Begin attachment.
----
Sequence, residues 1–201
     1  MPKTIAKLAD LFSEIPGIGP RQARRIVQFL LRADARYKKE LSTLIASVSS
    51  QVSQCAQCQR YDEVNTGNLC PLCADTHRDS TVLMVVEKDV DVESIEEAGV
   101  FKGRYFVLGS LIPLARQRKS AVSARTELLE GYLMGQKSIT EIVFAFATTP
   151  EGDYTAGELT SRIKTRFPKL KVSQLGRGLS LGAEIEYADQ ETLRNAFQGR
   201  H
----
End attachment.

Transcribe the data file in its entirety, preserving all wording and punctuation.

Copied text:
Sequence, residues 1–201
     1  MPKTIAKLAD LFSEIPGIGP RQARRIVQFL LRADARYKKE LSTLIASVSS
    51  QVSQCAQCQR YDEVNTGNLC PLCADTHRDS TVLMVVEKDV DVESIEEAGV
   101  FKGRYFVLGS LIPLARQRKS AVSARTELLE GYLMGQKSIT EIVFAFATTP
   151  EGDYTAGELT SRIKTRFPKL KVSQLGRGLS LGAEIEYADQ ETLRNAFQGR
   201  H